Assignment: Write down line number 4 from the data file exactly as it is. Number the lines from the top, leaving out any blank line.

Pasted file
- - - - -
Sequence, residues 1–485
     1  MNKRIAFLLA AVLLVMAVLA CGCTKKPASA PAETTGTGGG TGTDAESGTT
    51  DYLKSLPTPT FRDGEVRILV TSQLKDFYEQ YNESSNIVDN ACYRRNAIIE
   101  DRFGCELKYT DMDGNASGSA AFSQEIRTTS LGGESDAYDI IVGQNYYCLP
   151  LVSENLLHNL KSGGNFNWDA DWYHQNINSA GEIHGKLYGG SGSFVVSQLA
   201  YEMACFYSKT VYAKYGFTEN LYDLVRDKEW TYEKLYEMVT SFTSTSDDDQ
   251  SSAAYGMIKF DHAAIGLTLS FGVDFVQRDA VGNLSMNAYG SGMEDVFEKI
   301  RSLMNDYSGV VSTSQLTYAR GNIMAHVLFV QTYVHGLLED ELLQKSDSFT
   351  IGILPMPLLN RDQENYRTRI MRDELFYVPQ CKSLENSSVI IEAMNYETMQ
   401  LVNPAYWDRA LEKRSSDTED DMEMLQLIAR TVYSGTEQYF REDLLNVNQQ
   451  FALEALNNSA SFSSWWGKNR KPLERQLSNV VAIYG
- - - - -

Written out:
   101  DRFGCELKYT DMDGNASGSA AFSQEIRTTS LGGESDAYDI IVGQNYYCLP